The Blog: See what
Sigma is saying.

10.26.2011

by Jack Howard

The re-engineered Sigma 12-24mm F4.5-5.6 DG HSM II is a fantastic rectilinear full-frame ultawide zoom lens with edge to edge sharpness. One SLD and four FLD lens elements yields the excellent image quality pro photographers expect from their lenses.

Ultrawides zooms are an amazing tool for tight squeezes and also taking in sweeping angles of view. I packed this lens in my bag for a few recent adventures, and it is rapidly becoming one of my favorite tools on the full-frame Canon EOS 5D.  This lens saves on bulk by going with a slightly slow maximum aperture F4.5-5.6 that loses a bit of a stop over the 2x focal range, but when it comes to ultrawides, I am totally okay with that.

12-24mm F4.5-5.6 DG HSM II

This is a super-sharp ultrawide zoom that isn’t jumbo-sized due to a very fast constant aperture: it’s just about five inches long and weighs just shy of one and half pound. When you think about the very short focal range of ultrawides, and the  very deep depth of field even at very wide apertures, that’s some bulk that can very easily be spared in exchange for portability and ease of use for adventures both indoors and out.  

For more great advice on working with rectilinear ultrawide zoom lenses, check out this blog posting which offers tons of advice for this breed of lens.

Over the past few weeks, I’ve climbed my local lighthouse, and brought this lens along on a muddy biking adventure in my photo backpack. We’re just now approaching peak foliage here in New Jersey, and I can’t wait to take it out for some fall landscapes in the next week or so!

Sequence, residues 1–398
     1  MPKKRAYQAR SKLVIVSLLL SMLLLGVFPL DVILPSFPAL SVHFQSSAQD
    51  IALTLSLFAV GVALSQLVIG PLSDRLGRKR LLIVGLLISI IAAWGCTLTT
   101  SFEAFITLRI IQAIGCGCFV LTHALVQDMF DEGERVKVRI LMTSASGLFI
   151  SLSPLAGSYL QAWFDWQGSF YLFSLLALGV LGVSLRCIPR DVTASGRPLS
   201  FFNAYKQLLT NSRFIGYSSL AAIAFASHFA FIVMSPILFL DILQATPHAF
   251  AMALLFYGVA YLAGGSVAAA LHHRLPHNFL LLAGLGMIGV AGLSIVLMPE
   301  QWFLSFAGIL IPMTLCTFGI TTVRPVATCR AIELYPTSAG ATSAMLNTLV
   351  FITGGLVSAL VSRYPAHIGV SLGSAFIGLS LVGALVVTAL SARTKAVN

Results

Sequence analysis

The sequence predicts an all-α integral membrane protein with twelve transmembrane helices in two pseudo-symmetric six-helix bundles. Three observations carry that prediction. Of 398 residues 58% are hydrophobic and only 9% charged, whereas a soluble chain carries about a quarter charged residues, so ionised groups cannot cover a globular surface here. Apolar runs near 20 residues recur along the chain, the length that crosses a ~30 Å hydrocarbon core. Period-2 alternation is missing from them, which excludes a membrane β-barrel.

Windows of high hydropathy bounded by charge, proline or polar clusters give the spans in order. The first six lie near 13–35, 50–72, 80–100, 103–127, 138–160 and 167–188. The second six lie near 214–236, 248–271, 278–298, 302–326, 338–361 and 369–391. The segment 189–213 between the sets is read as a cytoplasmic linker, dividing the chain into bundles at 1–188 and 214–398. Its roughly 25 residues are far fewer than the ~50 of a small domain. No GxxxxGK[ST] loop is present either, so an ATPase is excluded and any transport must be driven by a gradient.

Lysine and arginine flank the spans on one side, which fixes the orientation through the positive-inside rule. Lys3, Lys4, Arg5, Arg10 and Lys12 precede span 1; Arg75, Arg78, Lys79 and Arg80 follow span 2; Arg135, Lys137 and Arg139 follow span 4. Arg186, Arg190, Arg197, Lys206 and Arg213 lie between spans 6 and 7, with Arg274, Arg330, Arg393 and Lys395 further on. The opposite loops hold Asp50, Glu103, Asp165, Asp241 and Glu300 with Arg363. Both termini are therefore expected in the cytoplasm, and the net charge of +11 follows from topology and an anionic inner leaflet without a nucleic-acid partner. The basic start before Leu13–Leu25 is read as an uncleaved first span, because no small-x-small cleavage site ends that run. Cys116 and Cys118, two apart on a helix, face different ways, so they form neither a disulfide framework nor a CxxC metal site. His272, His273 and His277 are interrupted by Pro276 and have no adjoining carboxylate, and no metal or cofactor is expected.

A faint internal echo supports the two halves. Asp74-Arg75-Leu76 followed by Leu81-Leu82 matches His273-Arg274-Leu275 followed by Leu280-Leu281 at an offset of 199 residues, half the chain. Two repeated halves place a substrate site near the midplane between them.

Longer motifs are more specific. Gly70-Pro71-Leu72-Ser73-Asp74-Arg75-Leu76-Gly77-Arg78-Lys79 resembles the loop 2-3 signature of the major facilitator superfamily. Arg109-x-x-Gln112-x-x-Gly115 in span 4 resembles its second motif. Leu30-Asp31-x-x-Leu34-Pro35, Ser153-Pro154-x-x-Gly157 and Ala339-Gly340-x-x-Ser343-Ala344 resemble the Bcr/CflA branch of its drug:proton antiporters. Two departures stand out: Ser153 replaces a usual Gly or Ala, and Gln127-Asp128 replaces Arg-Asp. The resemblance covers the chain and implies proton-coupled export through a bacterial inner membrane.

I climbed the lighthouse at the tip of Sandy Hook again recently. This time I packed the Sigma 12-24mm F4.5-5.6 DG HSM II in my bag to demonstrate both how wide a view this lens can capture, and just how tight a squeeze it is at the top of this working lighthouse. Both photos are shot from the Light room at 12mm on the Canon EOD 5D. The arm’s length self-portrait is made at 1/60 F16, ISO 100, and the view showing the Fresnel lenses and walkway is made at 1/320 F10 ISO 100. This lens is great for punctuating foreground features. That Fresnel lens is pretty big in its own right and in its own room, but by no means is it bigger than the houses in the distance!

One of the most interesting things about the Sandy Hook lighthouse is its distance from shore. In the years since it was built in the 1700s, the shoreline of the Hook has experienced steady accretion–a buildup of the shoreline–so it is now almost a half a mile from the tip of the Hook, framed nicely by grass and trees.  I tried to illustrate this unique-to-Lighthouses feature of the Sandy Hook light with two exteriors from two different angles. And because of the very wide field of view at 12mm on a fullframe camera, I was able to take in all of the tall structure and its surroundings from close enough to avoid power lines and other distracting elements in the frame.